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Calling for End to Step-Therapy, Fail-First, and Special Tiers

  • Publish Date : 2011/10/15
  • Author : National Fibromyalgia & Chronic Pain Association

Synopsis: Strong potential for harmful effects to have step-therapy fail-first and special tiers in health care.

Main Document

National Fibromyalgia and Chronic Pain Association issues Position Paper Calling for End to Step-Therapy, Fail-First, and Special Tiers.

The National Fibromyalgia & Chronic Pain Association (NFMCPA) feels it is not in the best interests of patients, and additionally that there is strong potential for harmful effects, to have step-therapy, fail-first, and special tiers in health care. We urge necessary laws and policies be enacted to cease their continuance.

The National Fibromyalgia & Chronic Pain Association today issued a position paper that calls for an end to step-therapy or fail-first as insufficient treatment options which needlessly prolong the suffering of fibromyalgia and chronic pain patients.

The NFMCPA is the first nonprofit organization to issue a paper on this subject specifically addressing and advocating for the needs of the fibromyalgia and chronic pain patients.

Jan Chambers, president and founder of the NFMCPA, will be discussing more about this issue during the NFMCPA's newly launched bi-weekly online radio program on BlogTalkRadio. "Step-Therapy Fails for Fibromyalgia Patients" will air live on Friday, Oct. 14, at 9 a.m. MT. For additional details to hear the program, visit www.blogtalkradio.com/nfmcpa.

The position paper is detailed below:

National Fibromyalgia & Chronic Pain Association Position Paper on Access to Care for Step-Therapy, Fail-First, and Special Tiers Acute and chronic pain management is unique to each patient. It is not a repetitive process nor a technique applied for relief in the same manner from patient to patient for a similar beneficial outcome. Whereas removing an appendix, treating a strep throat or common medical occurrences can be effectively treated by a standardized process repeated with patients, a standardized process is inappropriate for patients with pain. Pain patients need direct interaction with a treating physician who is aware of patient history and current condition.

Disparities and increased vulnerability to pain are found in:

  • having English as a second language
  • race and ethnicity
  • income and education
  • sex and gender
  • age group
  • geographic location
  • military veterans
  • cognitive impairments
  • surgical patients
  • cancer patients, and
  • the end of life.

Turning a necessary interpersonal relationship between a patient and a physician into a process approved by a removed decision-making body through step-therapy, fail-first, and special tiers is not in the best interests of patients. Additionally, there is strong potential for harmful effects.

Pain can be a disease unto itself.

The Institute of Medicine's June 2011 Report, Relieving Pain in America, calls for "a recognition of the complexity of the pain experience." Most researchers and clinicians use the "bio-psychosocial model" for pain which recognizes the interrelation of biological, psychological, and social/family/cultural contexts of pain to understand and treat pain. Pain is part of a symptom cycle where inappropriately addressed pain decreases psychological wellbeing, disrupts essential sleep, increases anxiety, decreases the patient's resiliency and quality of life, and is linked to suicide. Inadequate pain management causes harm to patients.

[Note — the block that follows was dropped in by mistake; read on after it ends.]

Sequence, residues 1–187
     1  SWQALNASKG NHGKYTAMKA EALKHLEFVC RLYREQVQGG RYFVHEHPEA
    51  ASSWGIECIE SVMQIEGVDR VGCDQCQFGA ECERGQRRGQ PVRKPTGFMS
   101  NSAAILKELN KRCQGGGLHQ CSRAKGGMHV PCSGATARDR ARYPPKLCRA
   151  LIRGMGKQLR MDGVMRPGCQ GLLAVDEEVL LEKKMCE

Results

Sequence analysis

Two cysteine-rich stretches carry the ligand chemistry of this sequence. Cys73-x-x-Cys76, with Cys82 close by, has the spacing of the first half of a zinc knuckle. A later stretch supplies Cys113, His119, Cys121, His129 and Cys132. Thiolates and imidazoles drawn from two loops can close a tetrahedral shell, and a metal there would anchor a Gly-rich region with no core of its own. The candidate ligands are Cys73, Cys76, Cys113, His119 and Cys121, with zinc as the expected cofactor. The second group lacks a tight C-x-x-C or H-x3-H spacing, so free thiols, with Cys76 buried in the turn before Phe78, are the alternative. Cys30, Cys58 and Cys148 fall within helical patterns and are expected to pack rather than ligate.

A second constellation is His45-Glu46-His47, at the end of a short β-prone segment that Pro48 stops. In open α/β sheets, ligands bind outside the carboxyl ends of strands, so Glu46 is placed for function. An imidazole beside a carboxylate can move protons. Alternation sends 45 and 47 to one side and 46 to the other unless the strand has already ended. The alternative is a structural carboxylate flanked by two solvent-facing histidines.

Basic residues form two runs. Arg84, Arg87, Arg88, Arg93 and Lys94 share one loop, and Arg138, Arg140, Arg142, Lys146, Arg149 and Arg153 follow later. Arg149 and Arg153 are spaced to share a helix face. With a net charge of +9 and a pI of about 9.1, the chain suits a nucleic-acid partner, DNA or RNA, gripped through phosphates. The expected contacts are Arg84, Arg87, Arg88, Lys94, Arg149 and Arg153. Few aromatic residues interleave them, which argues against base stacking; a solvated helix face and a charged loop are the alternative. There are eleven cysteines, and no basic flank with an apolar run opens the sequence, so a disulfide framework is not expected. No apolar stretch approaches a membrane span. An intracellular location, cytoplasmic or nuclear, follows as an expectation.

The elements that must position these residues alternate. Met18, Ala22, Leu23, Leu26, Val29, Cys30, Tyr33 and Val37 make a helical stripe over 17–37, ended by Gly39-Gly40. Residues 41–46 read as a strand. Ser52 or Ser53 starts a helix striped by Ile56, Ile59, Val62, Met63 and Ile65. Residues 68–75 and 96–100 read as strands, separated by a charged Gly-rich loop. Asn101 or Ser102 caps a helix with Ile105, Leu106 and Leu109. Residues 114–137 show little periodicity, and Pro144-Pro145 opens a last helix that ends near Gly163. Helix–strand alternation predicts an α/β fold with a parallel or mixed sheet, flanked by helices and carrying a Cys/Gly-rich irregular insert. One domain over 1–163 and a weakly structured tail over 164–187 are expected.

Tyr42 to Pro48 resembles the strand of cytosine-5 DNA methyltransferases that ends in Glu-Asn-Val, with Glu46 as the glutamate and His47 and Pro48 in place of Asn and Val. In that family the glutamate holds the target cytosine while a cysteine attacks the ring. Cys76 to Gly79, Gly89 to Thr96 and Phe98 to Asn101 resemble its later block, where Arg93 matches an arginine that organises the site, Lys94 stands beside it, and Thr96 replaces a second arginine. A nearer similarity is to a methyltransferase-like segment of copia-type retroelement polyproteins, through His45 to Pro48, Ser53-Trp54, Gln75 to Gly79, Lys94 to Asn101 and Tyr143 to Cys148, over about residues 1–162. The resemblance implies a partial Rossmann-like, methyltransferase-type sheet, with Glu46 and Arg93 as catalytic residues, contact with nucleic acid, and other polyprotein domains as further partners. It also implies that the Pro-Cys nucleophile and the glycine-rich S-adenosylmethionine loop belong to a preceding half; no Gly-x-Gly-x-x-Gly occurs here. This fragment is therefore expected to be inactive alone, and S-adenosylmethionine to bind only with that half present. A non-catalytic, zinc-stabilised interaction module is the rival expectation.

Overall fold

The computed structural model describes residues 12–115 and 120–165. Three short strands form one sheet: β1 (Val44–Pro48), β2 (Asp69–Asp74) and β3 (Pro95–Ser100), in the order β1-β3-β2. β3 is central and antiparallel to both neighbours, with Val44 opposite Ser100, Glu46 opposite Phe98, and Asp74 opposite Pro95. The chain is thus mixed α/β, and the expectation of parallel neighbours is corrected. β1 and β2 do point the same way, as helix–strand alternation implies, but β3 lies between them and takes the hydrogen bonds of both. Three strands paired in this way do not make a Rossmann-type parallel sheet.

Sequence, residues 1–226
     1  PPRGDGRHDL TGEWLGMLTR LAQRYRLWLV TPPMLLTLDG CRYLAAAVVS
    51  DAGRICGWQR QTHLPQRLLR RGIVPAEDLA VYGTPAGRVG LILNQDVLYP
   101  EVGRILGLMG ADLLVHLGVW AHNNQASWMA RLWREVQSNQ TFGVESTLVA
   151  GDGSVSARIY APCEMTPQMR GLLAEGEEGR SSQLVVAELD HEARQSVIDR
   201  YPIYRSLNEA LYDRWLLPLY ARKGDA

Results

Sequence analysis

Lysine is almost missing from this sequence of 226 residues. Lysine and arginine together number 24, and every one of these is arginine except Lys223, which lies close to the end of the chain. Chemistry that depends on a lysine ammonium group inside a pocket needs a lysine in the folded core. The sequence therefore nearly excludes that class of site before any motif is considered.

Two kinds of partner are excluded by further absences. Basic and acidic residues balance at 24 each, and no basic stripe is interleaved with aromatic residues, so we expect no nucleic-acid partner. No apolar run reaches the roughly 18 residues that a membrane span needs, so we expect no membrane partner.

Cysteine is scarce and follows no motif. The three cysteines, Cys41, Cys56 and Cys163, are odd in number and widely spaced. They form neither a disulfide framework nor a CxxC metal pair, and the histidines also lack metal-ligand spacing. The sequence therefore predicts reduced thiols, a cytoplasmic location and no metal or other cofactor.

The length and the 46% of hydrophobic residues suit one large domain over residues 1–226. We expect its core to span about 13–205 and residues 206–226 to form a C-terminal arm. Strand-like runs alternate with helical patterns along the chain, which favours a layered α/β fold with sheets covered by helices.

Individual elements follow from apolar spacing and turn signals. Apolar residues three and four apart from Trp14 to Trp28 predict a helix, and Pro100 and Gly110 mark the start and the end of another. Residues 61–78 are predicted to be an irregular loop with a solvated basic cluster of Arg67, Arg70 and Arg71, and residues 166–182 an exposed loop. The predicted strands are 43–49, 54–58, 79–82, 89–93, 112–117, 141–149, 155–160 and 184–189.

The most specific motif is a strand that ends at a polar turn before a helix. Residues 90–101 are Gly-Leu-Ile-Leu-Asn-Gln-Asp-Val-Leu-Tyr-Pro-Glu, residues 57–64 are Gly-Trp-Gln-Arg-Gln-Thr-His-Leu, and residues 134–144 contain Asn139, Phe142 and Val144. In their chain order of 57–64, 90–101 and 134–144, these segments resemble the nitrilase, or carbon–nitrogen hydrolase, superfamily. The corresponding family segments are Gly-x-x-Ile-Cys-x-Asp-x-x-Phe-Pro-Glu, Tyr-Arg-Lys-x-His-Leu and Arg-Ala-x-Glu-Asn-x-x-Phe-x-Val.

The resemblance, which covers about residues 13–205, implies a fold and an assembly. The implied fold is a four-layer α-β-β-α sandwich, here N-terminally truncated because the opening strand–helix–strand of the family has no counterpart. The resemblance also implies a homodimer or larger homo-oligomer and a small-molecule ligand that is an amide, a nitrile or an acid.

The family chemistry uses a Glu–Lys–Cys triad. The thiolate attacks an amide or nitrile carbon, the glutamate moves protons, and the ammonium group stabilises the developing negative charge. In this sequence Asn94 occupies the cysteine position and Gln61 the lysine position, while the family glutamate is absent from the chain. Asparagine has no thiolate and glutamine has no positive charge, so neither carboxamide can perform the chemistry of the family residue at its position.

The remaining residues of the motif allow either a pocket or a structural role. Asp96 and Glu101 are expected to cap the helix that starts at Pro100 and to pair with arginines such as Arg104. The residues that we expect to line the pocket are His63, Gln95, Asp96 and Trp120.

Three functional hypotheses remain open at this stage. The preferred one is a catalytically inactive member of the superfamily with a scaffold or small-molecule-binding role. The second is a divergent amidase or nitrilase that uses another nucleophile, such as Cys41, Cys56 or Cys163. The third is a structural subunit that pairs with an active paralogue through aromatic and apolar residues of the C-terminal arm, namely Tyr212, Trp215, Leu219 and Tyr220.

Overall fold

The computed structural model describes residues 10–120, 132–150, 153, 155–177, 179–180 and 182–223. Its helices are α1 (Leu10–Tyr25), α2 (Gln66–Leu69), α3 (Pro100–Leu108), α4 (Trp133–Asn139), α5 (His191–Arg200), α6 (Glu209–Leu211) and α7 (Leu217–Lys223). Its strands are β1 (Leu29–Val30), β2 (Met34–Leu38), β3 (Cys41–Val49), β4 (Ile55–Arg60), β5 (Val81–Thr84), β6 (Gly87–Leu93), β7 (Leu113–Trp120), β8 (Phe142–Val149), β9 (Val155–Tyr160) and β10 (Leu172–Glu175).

Under step- and fail-first therapies, patients are required to fail on lower-cost medications and treatments before insurance companies will cover the cost of medications originally prescribed by physicians. Often these lower-cost medications include over-the-counter drugs that are insufficient treatment options. Step-therapy was instituted to minimize cost burdens; however, the practice has been shown to potentially produce the opposite effect. While pharmacy costs may go down under step-therapy, research indicates that overall medical expenses increase due to resulting increased inpatient and emergency room costs.

Using special tiers designed by insurance companies shifts the expense of medications to their insured by requiring them to pay a percentage of cost rather than a co-pay. This places access to front-line medications out of reach for most patients. Simply put, creating an insurmountable barrier to care is not an acceptable purpose of insurance.

Physical and emotional costs are associated with step-therapy, fail-first, and special tiers practices.

Patients who must fail first before receiving the appropriate care for their conditions are left to suffer for longer than necessary. A study on the effects of step-therapy for treatment of depression indicated that complications, such as drug resistance, recurrences, and chronicity resulted with each failed treatment. People who experience acute pain may go on to develop chronic, intractable pain. Step-therapy also increases the burden placed on physicians' time with the increased approvals they must complete.

The negative effects of step-therapy expand over a number of diseases and conditions. The Epilepsy Foundation asserts their position against step-therapy practices. They state that seizures can result in injury to the patient and others as well as cause lasting brain damage and should therefore be prevented if at all possible. Patients who must fail first on inadequate medications are at increased risk for seizures and their consequences.

Fibromyalgia patients are subject to severe chronic pain and numerous overlapping conditions. It is inappropriate to institute any policy that requires FM patients to needlessly suffer longer than necessary or that increases risk for complicating conditions.

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